Chris McGreal attacks pro-Israel group: aka, it’s a day that ends with “y”.

In his latest attack on AIPAC (American Israel Public Affairs Committee), the Guardian’s Chris McGreal has focused his attention on a Pittsburgh area congressional race taking place today, pitting Summer Lee against Chris Doyle.  AIPAC – via their Super PAC – supports Doyle due to Lee’s anti-Israel stance.

We noted this fact in a previous post in response to a piece by McGreal during the Democratic primary, citing for instance, a tweet thread by Lee during in the May 2021 war that rejected the idea that Israel had a right to defend itself from Gaza terrorists, and which absurdly projected the US racial dynamics onto the Israel-Hamas conflict.

McGreal’s latest article advocating on behalf of the anti-Israel candidate, misleadingly titled (“Pittsburgh Jews decry pro-Israel group’s support for Republican extremists”, Nov. 3), attempts to leverage a petition by attacking AIPAC:

More than 240 Jewish American voters in Pittsburgh have signed a letter denouncing the US’s largest pro-Israel group for backing extremist Republican election candidates while spending millions of dollars to oppose a Democrat who would be Pennsylvania’s first Black female member of Congress.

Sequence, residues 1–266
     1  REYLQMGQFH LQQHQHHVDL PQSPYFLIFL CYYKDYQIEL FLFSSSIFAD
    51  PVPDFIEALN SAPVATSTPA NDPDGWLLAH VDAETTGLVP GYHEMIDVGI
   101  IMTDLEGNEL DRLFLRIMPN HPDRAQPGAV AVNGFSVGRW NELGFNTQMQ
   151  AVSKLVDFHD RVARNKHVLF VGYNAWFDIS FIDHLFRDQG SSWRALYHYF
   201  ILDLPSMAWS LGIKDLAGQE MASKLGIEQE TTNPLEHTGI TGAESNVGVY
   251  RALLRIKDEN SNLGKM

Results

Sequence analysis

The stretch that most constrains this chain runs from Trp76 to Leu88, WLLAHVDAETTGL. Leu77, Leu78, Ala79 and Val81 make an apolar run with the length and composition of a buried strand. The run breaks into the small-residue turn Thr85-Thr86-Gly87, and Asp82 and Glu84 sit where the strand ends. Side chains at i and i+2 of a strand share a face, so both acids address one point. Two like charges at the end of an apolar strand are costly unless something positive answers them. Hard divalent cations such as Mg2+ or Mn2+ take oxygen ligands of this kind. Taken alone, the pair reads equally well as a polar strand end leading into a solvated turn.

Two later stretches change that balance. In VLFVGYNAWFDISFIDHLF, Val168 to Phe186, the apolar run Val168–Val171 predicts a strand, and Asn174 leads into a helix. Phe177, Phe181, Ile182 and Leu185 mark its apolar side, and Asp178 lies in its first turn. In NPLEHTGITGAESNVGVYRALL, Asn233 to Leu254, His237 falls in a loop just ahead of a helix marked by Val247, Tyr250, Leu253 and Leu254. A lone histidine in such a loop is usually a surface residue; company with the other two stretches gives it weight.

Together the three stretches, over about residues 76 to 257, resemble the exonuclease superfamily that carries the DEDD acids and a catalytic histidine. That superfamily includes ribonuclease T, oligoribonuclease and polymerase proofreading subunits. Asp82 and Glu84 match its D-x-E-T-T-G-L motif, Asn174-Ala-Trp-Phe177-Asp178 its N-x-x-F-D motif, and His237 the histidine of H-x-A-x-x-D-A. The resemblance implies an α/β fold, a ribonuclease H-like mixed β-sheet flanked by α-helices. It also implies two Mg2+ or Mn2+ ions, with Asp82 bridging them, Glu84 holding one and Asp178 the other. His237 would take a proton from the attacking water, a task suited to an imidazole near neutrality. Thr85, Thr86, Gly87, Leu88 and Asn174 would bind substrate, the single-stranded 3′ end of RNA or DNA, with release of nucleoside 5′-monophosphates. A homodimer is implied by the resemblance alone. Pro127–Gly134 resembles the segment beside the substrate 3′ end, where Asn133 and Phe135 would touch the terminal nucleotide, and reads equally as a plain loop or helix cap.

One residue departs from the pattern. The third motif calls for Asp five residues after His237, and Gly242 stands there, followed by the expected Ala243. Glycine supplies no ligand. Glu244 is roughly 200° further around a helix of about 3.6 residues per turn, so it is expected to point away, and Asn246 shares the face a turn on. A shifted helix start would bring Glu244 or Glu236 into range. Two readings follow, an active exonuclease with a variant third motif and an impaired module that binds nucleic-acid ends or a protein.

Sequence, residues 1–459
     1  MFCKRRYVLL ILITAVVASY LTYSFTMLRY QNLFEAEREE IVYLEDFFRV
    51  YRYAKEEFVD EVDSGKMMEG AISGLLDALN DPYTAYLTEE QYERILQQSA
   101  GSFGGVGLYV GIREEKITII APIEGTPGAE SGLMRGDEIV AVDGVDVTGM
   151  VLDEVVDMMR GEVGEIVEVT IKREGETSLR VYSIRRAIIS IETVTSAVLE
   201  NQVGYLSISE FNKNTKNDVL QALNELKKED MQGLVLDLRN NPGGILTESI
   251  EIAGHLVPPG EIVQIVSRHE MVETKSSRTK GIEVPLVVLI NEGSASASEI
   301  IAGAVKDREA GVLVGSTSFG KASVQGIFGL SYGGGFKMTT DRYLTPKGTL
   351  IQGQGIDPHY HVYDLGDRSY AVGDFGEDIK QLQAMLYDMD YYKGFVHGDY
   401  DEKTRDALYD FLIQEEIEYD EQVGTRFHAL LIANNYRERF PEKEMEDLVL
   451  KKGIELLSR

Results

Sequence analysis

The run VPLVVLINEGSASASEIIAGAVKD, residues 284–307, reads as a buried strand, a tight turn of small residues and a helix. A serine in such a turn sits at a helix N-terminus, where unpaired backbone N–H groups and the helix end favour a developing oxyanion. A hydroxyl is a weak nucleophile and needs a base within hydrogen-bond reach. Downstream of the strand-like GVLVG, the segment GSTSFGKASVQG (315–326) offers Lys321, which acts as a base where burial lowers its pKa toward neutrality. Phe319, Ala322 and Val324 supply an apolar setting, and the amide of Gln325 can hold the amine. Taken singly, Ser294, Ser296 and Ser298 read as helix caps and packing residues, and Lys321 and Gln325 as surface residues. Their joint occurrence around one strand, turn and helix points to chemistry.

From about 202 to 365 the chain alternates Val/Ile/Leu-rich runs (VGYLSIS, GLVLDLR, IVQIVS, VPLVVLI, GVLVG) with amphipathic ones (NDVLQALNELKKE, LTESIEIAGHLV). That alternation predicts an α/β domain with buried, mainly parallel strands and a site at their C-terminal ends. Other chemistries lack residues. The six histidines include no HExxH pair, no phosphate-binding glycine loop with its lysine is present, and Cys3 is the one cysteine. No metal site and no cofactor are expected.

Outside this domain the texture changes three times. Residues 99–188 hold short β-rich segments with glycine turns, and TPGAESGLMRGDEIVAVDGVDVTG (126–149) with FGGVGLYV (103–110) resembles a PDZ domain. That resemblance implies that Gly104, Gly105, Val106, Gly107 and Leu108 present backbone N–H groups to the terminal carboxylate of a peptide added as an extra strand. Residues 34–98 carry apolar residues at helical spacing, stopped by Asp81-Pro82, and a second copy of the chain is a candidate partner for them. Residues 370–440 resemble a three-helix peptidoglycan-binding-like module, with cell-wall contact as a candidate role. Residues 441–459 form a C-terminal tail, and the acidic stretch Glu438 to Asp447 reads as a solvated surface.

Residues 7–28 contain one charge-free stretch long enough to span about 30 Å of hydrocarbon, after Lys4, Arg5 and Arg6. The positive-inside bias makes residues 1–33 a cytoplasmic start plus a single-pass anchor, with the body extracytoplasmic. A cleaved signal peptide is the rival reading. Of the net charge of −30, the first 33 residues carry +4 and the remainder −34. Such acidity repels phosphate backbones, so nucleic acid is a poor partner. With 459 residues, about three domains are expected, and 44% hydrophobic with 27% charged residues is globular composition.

The letter condemned the powerful American Israel Public Affairs Committee (Aipac) for its attempts to defeat Summer Lee, a candidate for the district that includes Pittsburgh, after failing to block her during the Democratic primaries earlier this year because of her criticisms of Israel’s oppression of the Palestinians.

To put this petition in context, let’s note that, based on the most recent figures, there are roughly 50,000 Jews living in the Greater Pittsburgh area.  So, the 240 signatures – characterised by McGreal as encompassing “Pittsburgh Jews” – represents a mere 1/200th of 1% of the Jews who live in the Pittsburgh area.  It’s basically a rounding error.

However, not only does McGreal grossly misrepresent the significance of the petition in the context of the Pittsburgh Jewish community, but, later in the piece, goes even further:

The letter suggested that Aipac does not represent the views of the majority of American Jews…

To intuit, based on the opposition to AIPAC by 240 Jews, that “AIPAC does not represent the views of the majority of American Jews” is risible given that there are over seven million Jews in the U.S.

Two-hundred and forty signatures on a petition notwithstanding, polls have consistently shown that the overwhelming majority of American Jews support Israel – rendering AIPAC’s opposition to the the candidacy of the anti-Israel candidate running for congress completely unremarkable.

Similar to how the Guardian routinely gave platforms to fringe anti-Zionist Jews who, amidst the Labour antisemitism crisis, denieddespite all the evidence – that Jeremy Corbyn was hostile to Jews, McGreal found a minuscule number of Pittsburgh area Jews supportive of the anti-Israel candidate in order legitmise his own visceral hostility towards Israel and pro-Israel organisations.

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